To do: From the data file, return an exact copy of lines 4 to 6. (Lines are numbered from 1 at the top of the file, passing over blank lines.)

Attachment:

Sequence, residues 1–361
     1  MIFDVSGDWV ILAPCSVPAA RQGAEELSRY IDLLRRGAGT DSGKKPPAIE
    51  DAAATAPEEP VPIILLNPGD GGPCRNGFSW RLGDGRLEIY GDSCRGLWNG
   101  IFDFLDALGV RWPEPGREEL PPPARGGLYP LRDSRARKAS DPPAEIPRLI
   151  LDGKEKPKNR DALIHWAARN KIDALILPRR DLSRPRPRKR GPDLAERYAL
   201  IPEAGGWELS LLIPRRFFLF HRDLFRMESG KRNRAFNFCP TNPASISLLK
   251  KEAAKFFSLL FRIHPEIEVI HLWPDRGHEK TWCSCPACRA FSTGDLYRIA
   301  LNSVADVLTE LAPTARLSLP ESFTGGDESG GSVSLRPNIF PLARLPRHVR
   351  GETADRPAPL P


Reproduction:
   101  IFDFLDALGV RWPEPGREEL PPPARGGLYP LRDSRARKAS DPPAEIPRLI
   151  LDGKEKPKNR DALIHWAARN KIDALILPRR DLSRPRPRKR GPDLAERYAL
   201  IPEAGGWELS LLIPRRFFLF HRDLFRMESG KRNRAFNFCP TNPASISLLK